Summer is always a popular time to travel. However, when it comes to planning your trip to the Olympic Peninsula, Washington, it’s time to change it up. Fall is the ideal time to visit since crowds have dispersed, colors are breathtaking, outdoor activities are at their best, and the culinary scene is mouth-watering. Discover the perfect activity-packed, fall vacation as you take a journey around the Northwest section of Highway 101 on the West Coast, USA. To fully enjoy your time, be sure to plan ahead, make reservations, and always recreate responsibly.
Day #1 on the Olympic Peninsula
Along Hood Canal
Get an early start, hop in the car, and drive onto a Washington State ferry in downtown Seattle. Once you arrive on Bainbridge Island, head southwest on Highway 3 toward Belfair which becomes Highway 106, hugging the shores of the Hood Canal, and merging with Highway 101. As you drive along the water through tall trees reaching to the sky, your senses will be on joyous overload with evergreen scents and a kaleidoscope of autumn color. Take time to stop and stretch your legs, grab a snack, or hike to a waterfall. The Hama Hama Oyster Saloon is a must-do when you are driving along the canal. Located on the water, you’ll see the oyster beds, taste their sweet, briny deliciousness and enjoy your favorite drink amid the natural beauty of the area.
Heading North on the Olympic Peninsula
As you drive north toward Port Townsend, stop in Chimacum. There, you will find Finnriver Farm and Cidery. The 80-acre orchard and farm will fuel your taste buds with delicious hard cider and local food. What complements autumn better than locally brewed cider? Following new safety protocols, Finnriver invites you to relax and join them for a taste of life on the land.
Port Townsend and Fort Worden State Park
Port Townsend is Washington’s Victorian seaport and arts community. This vibrant town is rich in talent and inspiration. Slow down and wander through the charming downtown. Support some local artists by bringing home a locally crafted memory with you.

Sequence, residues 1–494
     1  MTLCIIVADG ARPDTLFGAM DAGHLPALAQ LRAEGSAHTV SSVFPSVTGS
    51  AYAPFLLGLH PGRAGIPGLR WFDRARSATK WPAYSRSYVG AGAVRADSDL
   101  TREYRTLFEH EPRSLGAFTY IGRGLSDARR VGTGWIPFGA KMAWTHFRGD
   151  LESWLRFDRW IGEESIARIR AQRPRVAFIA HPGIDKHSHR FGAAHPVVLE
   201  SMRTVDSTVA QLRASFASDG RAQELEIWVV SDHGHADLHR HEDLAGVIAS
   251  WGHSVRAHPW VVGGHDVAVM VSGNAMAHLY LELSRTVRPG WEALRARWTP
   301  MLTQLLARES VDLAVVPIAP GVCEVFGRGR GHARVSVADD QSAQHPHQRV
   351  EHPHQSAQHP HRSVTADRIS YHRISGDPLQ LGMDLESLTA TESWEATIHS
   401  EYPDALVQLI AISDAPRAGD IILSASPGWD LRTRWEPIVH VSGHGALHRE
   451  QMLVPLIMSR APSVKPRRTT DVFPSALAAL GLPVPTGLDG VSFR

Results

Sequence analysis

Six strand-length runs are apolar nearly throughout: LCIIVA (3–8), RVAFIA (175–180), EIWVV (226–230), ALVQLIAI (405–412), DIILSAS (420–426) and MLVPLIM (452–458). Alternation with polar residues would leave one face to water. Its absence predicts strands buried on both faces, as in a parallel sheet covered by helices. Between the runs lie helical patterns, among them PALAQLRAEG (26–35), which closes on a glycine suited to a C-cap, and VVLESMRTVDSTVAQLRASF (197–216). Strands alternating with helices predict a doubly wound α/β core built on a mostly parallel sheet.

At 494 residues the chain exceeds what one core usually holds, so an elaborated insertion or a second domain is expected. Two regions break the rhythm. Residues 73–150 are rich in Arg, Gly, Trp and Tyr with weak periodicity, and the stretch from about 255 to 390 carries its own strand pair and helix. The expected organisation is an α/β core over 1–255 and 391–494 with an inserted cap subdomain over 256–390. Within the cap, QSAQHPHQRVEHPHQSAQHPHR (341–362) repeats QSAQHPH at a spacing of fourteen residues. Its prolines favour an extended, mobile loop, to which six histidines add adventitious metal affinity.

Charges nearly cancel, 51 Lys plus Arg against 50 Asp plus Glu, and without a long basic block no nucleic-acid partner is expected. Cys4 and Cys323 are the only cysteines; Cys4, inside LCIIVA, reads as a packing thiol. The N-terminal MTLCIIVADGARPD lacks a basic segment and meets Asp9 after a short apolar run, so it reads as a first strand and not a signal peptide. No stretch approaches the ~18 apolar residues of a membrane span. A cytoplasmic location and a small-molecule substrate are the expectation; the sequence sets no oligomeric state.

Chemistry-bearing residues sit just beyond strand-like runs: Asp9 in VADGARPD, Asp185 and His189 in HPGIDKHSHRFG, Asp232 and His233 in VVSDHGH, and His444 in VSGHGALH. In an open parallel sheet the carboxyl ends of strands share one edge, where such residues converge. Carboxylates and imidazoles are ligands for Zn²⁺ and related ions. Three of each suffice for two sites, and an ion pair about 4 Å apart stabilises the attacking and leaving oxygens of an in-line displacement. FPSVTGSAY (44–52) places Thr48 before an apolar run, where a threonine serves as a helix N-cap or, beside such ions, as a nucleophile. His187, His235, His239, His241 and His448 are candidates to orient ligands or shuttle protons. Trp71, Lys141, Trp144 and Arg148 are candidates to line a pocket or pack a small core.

Fort Worden State Park is just a short drive north. There you’ll find campgrounds, vacation rentals, two miles of beautiful shoreline, and the historic Point Wilson Lighthouse. Built as part of the early 20th century coastal defense system known as the “Triangle of Fire,” Fort Worden’s setting high on the bluff offers spectacular views of the Strait of Juan de Fuca. This part of the West Coast, USA has a unique personality that you’ll want to learn more about.
Onward for Sequim
Sequim is another charming small town on the Olympic Peninsula that has abundant activities. Railroad Bridge Park is located nearby on the Olympic Discovery Trail where you can explore the Dungeness River Audubon Center. This center honors the Olympic Peninsula’s unique natural and cultural resources, with emphasis on birds, rivers, fish, and native peoples.
Day #2 on the Olympic Peninsula
Wake up and smell the lavender! Sequim is the “Lavender Capital of North America®” and offers unique, organic beauty. Even though fall is the end of the season for these farms, you can still drop in for a visit, enjoy the peaceful fields, learn how lavender products are made, and shop for them around town. While you’re in Sequim, take a walk along the Dungeness Spit, the longest natural stretch of sand in the USA.
Port Angeles and Hurricane Ridge: Where the Mountains Meet the Sea
Port Angeles is a working port town known for its maritime history, scattered artistic gems, and Native American heritage. It is also a gateway to Olympic National Park. You will truly understand the meaning of “where the mountains meet the sea” as you drive from sea level up 5,000 feet to Hurricane Ridge. There you can take in the 360-degree views of the breathtaking mountain ranges of Olympic National Park, as well as the Strait of Juan de Fuca and Vancouver Island to the north.